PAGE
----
Sir Tim Berners-Lee invented the World Wide Web 25 years ago. So it’s worth a listen when he warns us: There’s a battle ahead. Eroding net neutrality, filter bubbles and centralizing corporate control all threaten the web’s wide-open spaces. It’s up to users to fight for the right to access and openness. The question is, What kind of Internet do we want?
Internet of Things Gains Real World Traction Automation World More than many other such pronouncements, this statement, made by Jim Robinson of Intel's Internet of Things Group, during a panel discussion at National Instruments' NI Week 2014,...
Robo Brain is now at work examining images and concepts available on the Internet so that it can teach robots how to recognize, grasp and manipulate objects and predict human behavior in the environment.
Olivier Georgon starts this Massive Open Online Course on Developmental Artificial Intelligence in october 2014 (more information http://liris.cnrs.fr/ideal/...
The IDEAL MOOC will teach you the cognitive science background and the programming bases to design robots and virtual agents capable of autonomous cognitive development driven by their intrinsic motivation. More than that, it will offer a place to discuss research in Developmental AI.
Viv was named after the Latin root meaning live. Its San Jose, California, offices are decorated with tsotchkes bearing the numbers six and five (VI and V in roman numerals). Ariel Zambelich When Apple announced the iPhone 4S on October 4, 2011, the headlines were not about its speedy A5 chip or improved camera. Instead…
According to a new report that looks at how continuing improvements to artificial intelligence and robotics will impact society, 'robotic sex partners will become commonplace' by 2025. A large portion of the report also focuses on how AI and robotics will impact both blue- and white-collar workers, with about 50% of the polled experts stating that robots will displace more human jobs than they create by 2025.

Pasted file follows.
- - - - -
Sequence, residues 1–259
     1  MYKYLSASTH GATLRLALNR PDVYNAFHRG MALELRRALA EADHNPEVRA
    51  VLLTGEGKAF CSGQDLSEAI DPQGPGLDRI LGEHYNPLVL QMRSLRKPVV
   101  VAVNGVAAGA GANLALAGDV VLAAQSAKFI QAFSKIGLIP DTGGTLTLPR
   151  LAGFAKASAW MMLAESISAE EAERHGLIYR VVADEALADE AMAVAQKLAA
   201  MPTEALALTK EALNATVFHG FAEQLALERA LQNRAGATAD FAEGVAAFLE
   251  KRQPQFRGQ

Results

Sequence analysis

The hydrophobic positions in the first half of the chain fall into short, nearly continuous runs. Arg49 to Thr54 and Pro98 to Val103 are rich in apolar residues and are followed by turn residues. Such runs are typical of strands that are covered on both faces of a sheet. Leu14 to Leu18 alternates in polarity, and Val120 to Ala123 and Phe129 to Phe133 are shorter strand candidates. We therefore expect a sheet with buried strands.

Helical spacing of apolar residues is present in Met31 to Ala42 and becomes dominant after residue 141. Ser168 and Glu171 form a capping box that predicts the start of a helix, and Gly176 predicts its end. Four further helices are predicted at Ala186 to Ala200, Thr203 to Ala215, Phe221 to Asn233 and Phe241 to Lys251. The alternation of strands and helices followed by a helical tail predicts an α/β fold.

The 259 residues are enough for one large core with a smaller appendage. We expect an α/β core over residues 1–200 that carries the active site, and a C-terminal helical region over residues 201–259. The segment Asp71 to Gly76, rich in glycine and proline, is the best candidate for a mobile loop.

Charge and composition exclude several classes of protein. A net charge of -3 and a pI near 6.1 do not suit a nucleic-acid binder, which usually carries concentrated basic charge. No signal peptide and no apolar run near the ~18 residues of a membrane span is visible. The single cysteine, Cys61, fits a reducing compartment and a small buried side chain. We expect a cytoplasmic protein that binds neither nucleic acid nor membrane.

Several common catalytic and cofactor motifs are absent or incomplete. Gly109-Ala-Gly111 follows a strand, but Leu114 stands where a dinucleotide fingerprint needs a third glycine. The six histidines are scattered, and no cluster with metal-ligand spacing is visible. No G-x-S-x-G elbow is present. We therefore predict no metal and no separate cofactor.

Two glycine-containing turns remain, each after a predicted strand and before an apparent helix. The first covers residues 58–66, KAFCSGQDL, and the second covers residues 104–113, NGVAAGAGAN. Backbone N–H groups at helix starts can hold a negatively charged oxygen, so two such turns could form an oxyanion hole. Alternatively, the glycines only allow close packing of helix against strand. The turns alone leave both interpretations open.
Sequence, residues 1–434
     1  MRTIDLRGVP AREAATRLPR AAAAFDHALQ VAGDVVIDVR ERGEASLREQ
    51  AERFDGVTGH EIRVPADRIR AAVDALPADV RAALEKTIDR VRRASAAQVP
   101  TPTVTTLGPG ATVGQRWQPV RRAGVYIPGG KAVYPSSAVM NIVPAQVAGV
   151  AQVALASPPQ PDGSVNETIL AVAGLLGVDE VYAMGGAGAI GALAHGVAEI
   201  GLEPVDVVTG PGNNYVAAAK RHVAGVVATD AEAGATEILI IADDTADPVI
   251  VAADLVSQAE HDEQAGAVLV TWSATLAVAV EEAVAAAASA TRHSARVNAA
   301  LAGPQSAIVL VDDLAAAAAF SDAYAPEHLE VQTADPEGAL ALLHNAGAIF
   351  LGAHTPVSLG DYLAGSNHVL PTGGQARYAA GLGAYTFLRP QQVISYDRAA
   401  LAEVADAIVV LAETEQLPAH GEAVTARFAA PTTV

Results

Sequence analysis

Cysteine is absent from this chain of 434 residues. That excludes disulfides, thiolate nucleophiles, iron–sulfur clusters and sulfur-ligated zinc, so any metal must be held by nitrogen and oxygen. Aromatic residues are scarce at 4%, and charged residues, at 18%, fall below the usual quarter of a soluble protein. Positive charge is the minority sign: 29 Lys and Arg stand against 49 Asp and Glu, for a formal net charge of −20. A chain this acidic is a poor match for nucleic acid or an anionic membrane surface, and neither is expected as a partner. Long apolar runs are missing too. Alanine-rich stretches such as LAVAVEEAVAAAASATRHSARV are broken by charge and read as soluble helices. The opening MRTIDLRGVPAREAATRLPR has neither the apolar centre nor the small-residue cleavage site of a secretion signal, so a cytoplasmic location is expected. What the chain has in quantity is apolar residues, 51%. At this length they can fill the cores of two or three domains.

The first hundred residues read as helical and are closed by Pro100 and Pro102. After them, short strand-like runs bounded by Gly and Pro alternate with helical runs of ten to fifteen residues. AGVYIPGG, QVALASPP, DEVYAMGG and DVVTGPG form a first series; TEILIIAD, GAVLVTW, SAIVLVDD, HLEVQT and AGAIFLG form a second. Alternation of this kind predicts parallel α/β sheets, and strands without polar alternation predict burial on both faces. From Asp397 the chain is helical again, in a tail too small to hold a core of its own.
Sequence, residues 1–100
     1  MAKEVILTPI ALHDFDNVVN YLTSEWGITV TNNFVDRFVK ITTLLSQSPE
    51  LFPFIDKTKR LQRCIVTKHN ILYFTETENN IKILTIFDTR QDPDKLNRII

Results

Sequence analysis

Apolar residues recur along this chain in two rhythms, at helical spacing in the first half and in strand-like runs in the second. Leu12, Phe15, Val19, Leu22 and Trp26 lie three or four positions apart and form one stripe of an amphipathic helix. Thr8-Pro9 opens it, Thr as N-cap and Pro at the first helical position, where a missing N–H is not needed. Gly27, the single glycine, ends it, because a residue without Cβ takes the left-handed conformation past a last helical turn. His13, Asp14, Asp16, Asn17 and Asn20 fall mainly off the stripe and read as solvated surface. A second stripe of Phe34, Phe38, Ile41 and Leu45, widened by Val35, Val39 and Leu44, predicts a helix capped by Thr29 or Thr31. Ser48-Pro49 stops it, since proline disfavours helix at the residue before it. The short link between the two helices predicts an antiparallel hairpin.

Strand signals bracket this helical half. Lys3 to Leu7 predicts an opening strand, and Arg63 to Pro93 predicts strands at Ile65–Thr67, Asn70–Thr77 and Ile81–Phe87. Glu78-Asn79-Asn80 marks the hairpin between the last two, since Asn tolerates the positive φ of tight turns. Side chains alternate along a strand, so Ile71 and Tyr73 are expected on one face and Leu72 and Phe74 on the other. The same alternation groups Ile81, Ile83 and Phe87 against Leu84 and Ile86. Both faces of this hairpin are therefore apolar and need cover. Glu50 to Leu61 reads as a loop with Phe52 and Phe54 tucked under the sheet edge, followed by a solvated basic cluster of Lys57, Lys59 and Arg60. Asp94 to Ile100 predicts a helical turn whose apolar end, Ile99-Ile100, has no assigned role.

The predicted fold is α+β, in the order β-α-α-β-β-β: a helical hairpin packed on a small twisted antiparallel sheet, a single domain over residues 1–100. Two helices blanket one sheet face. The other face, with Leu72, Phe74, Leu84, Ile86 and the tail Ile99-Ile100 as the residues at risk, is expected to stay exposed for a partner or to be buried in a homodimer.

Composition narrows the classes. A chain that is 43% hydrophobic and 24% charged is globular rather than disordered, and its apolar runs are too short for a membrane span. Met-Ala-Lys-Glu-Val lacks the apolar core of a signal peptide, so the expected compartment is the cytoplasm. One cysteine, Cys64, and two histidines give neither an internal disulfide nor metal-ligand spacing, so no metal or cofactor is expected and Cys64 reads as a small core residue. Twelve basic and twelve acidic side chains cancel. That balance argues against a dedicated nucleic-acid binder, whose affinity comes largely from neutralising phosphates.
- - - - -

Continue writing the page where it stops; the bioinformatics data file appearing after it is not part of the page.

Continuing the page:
Not really an insight but I wonder why female sex robots are always depicted seemingly without teeth...
Today, the most notable feature of the modern world is the growing concern for the future, since human society is immersed in a “giant, uncontrolled experiment” (McNeill, 2000), which it has caused, where natural and social processes are connected in an unprecedented way, generating new unpredictable and surprising dynamics and synergies that are threatening the human species, planetary equilibrium and the whole of life itself. Faced with the above situation, science as a whole is compelled to look back in order to learn from the past (lessons), and to adopt a rigorous historical perspective that will provide a thorough understanding of current situations from a socio-ecological perspective, capable of orchestrating interdisciplinary research into relations between society and nature.
Over this last decade, the concept of social metabolism has gained prestige as a theoretical instrument for the required analysis, to such an extent that there are now dozens of researchers, hundreds of articles and several books that have adopted and use this concept. However, there is a great deal of variety in terms of definitions and interpretations, as well as different methodologies around this concept, which prevents the consolidation of a unified field of new knowledge. The fundamental aim of the book is to conduct a review of the past and present usage of the concept of social metabolism, its origins and history, as well as the main currents or schools that exist around this concept. At the same time, the reviews and discussions included are used by the authors as starting points to draw conclusions and propose a theory of socio-ecological transformations.
The theoretical and methodological innovations of this book include: a. the rigorous definition of a basic model for the process of social metabolism;
b. the distinction of two types of metabolic processes: tangible and intangible;
c. detailed discussion regarding the concept of nature appropriation;
d. analysis of the social metabolism at different scales (spatial dimension);
e. historical analysis of the social metabolism (temporal dimension and socio-ecological change);
f. overcoming the merely “systemic” or “cybernetic” nature of approaches, giving protagonism to collective action; and consequence and explanation of the above:
g. integration of an ethical and political dimension to the theory.